Determining Access to Care

Kate Alucard with cat

Kate Alucard’s life is rarely boring.

She is the president of the national Pride Student Veterinary Medical Community, the American Public Health Association’s Veterinary Public Health Student Liaison and is the information officer for the ISU Graduate and Professional Student Senate.

Enrolled in 27 credits and taking care of four cats, her ‘spare’ time is minimal at best.

Yet she’s determined to make a difference.

And one difference she hopes to make has its roots in a new research study she has undertaken. A DVM-MPH student, Alucard is the recipient of a competitive grant from PetSmart Charities allowing her to research access to care among communities in need throughout the state. Rural states such as Iowa often face several factors contributing to reduced access to veterinary care including the social determinants of health.

The project will determine where “veterinary deserts” exist – areas with reduced numbers of veterinarians or veterinary clinics. That is important, Alucard said, because identifying these communities is the beginning to improving access to care. Not only do certain parts of Iowa not offer emergency care, but some of these same areas are deficient in low cost care options including spays and neuters.

“Long-term, the project’s goal is to use the data collected to then initiate programs with community partners in areas of need and to collaborate with them to develop service-based learning projects for veterinary students that support the health and well-being of owned pets,” Alucard said.

Alucard has just begun working on the project. Originally, she was looking to collect data on counties within a two-hour radius of Ames, home of Iowa State University’s College of Veterinary Medicine and its world-class Lloyd Veterinary Medical Center.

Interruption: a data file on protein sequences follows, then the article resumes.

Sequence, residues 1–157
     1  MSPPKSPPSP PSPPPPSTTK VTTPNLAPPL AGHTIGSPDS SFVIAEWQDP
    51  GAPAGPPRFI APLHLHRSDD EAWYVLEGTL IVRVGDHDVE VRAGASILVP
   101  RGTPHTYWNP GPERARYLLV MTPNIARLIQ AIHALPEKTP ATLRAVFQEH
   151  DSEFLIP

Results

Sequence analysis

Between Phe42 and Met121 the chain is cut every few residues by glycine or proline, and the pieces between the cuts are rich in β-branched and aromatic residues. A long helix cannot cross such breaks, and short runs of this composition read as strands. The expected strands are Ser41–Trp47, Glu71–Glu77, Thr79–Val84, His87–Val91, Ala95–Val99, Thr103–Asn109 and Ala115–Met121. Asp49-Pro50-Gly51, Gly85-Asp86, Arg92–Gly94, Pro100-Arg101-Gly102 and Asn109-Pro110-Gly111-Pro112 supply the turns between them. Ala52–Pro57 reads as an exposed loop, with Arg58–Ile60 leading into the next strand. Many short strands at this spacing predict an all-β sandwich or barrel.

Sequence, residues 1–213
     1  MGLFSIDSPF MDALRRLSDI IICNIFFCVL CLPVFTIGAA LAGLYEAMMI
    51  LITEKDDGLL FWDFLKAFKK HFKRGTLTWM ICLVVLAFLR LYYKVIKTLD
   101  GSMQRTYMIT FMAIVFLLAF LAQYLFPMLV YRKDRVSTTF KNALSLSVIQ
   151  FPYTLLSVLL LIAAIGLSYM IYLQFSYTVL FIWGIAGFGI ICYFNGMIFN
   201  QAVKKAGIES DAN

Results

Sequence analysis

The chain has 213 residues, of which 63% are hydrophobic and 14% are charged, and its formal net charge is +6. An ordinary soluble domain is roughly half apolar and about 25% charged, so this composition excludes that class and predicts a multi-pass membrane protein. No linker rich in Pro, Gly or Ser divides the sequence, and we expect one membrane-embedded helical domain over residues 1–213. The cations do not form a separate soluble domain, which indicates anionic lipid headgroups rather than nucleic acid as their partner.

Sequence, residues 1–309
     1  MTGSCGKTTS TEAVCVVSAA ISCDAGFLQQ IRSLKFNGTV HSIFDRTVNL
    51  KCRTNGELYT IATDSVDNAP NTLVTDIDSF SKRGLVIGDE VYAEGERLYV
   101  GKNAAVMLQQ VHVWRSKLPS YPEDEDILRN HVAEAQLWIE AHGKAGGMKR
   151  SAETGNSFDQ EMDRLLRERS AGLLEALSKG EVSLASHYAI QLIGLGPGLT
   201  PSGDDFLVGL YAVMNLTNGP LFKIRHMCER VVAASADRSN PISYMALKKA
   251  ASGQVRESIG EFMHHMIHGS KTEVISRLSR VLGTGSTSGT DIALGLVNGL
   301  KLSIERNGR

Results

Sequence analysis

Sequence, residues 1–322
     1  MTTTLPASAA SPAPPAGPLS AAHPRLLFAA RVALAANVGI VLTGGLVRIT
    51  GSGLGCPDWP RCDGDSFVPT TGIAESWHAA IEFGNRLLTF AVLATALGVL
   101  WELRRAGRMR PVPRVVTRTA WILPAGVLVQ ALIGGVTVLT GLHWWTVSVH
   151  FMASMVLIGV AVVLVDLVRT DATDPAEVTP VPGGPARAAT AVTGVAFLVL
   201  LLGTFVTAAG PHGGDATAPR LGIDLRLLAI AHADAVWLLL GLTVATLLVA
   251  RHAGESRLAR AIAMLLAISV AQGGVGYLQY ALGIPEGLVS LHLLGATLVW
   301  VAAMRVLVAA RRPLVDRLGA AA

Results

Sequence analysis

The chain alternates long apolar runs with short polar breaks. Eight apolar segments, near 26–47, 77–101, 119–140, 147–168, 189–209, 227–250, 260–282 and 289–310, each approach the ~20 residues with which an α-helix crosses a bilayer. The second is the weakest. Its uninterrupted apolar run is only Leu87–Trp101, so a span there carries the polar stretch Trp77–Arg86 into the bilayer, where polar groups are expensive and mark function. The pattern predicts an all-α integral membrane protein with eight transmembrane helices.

Now she is in the process of mapping every veterinary practice in Iowa to see where they are located. Once that is done she hopes to determine just how far people will drive for veterinary care for their companion animals using population density and the number of people in a county who commute outside that county for employment purposes.

“This is a more in-depth way to evaluate this issue,” Alucard said. “Hopefully we can come up with a system that will allow other states to evaluate their own veterinary deserts.”

Alucard is working with Dr. Joyce Carnevale, clinical associate professor in veterinary clinical sciences, on the PetSmart grant. The timeline is to complete the research by the end of this summer with a preliminary report at the end of 2021.

“This is the first grant I’ve ever received or been a part of,” Alucard said. “When Dr. Carnevale let me know that we had received it, I honestly couldn’t believe it. It is an incredible opportunity to help others, and make this field more accessible.”

In addition to this project Alucard is involved in other research projects and will graduate with her MPH from the University of Iowa’s College of Public Health in May.

She hopes to use this data to catalyze a long-term project such as a PhD so she can further give back to the animals (and humans) that need it most.

I’m incredibly fortunate to be in a position of privilege where I can help not just animals, but humans too,” she said.

March 2021